New CEQA Case Limits Disclosure Of Information About Vulnerable Cultural Resources And Clarifies Water Supply Availability Analyses
In Clover Valley Foundation v. City of Rocklin, the Third District Court of Appeal considered a challenge to the Environmental Impact Report (EIR) for a 558-home residential development in the City of Rocklin. While this case addresses a host of CEQA issues, the most notable holdings come with respect to the EIR’s analysis of impacts to cultural resources and water supply.
The case provides authority for agencies to withhold from public disclosure detailed information about the precise location and contents of potentially affected Native American cultural sites in order to safeguard those sites from looting, despite CEQA’s otherwise stringent information-disclosure mandates.
The Clover Valley case also provides public agencies with useful, practical clarification about the level of certainty needed to satisfy principles for analysis of water supply availability which were previously announced in the California Supreme Court’s decision in Vineyard Area Citizens for Responsible Growth v. City of Rancho Cordova (2007), particularly when it is necessary for an EIR to identify and analyze replacement water supply sources.
Various non-profit organizations challenged the adequacy of the EIR’s analysis regarding cultural resources (primarily Native American artifacts), the growth inducing impacts of an expanded sewer pipeline, mitigation measures for oak tree removal and the California Black Rail, and the project’s General Plan consistency. The Town of Loomis brought a separate action challenging the project’s visual impacts on views, traffic impacts, and the EIR’s water supply analysis. The cases were consolidated. The trial court denied the petition for writ of mandate, the Court of Appeal affirmed.
In their appeal, the non-profit organizations argued the EIR failed to adequately describe the Native American cultural sites that may be affected by the project. The Court held the EIR satisfied CEQA’s requirement to make a good faith effort to describe existing conditions. The City acknowledged that it possessed additional information regarding the exact location of vulnerable cultural sites that it did not disclose in order to protect the confidentiality of the sites. The Court agreed with the City that CEQA, as well as other State and Federal laws, requires the City to protect the confidentiality of the sites. In light of those restrictions, the information disclosed in the EIR was sufficient under CEQA. The City disclosed some new information about the protected cultural resource qualifications of the sites in “additional responses” to comments received on the Final EIR; however, substantial evidence supported the City’s conclusion that the additional responses did not trigger CEQA’s requirement to recirculate the EIR.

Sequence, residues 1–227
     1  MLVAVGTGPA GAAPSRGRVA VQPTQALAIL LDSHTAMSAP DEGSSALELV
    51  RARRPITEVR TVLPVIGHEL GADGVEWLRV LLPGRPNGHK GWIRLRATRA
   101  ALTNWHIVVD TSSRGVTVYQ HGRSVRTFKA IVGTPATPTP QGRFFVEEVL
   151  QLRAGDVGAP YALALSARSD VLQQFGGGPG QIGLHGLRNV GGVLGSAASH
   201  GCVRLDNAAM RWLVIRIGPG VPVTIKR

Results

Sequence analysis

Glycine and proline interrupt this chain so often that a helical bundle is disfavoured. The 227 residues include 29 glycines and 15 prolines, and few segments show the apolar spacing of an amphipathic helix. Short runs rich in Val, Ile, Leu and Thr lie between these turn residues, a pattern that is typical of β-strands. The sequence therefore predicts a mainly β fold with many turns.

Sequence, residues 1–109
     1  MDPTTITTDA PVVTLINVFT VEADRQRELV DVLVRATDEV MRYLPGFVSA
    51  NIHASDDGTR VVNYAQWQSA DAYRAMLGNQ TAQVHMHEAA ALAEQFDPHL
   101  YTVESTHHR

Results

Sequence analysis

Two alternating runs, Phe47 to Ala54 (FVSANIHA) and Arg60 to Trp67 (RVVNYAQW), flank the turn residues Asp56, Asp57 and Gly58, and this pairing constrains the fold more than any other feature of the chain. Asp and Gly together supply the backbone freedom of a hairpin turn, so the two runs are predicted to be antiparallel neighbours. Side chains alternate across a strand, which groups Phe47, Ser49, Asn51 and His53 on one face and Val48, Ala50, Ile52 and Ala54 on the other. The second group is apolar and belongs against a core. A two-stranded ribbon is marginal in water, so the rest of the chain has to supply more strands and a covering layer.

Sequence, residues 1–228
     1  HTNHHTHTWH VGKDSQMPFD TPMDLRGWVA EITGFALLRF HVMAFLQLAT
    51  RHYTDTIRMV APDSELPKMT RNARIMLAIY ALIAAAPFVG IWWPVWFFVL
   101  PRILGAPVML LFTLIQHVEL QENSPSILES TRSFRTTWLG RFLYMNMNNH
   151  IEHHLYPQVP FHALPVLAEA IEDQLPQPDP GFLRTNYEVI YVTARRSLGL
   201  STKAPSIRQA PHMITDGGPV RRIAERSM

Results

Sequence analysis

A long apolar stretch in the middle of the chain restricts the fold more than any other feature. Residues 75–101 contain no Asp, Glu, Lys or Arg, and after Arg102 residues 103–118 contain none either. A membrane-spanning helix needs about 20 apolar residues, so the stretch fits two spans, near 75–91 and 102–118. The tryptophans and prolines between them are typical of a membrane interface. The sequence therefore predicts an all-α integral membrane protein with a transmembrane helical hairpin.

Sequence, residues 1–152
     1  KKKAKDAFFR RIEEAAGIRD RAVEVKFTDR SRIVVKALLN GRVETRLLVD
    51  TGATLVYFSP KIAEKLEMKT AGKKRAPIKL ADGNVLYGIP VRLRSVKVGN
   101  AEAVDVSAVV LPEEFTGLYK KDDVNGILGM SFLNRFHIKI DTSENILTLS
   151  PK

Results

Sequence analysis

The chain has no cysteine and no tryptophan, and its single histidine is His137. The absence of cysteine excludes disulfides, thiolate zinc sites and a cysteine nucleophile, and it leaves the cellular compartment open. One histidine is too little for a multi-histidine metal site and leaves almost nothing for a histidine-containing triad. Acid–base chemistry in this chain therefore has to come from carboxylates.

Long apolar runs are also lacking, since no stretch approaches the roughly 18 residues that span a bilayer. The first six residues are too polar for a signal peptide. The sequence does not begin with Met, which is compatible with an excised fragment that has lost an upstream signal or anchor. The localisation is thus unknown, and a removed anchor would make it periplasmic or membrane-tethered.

The project also called for the expansion of an existing sewer pipeline. The new pipeline would have capacity to serve the project’s 558 homes, as well as an additional 524 homes which had been included in a previously approved Master Plan, but had not yet received project-level approval. The EIR disclosed that the sewer line could generate a growth-inducing impact, but that any induced development would require future discretionary approval by the City. Petitioners argued the EIR failed to adequately analyze and mitigate the growth inducing impacts of the expanded pipeline. The Court disagreed for three reasons: (1) the project’s purpose was not to facilitate additional development; (2) the contemplated impact on growth is indirect in that it only removes one obstacle to future growth; and, (3) any future growth would undergo future CEQA analysis. The Court also relied on the fact that the growth contemplated was previously analyzed in the City’s General Plan and the General Plan EIR.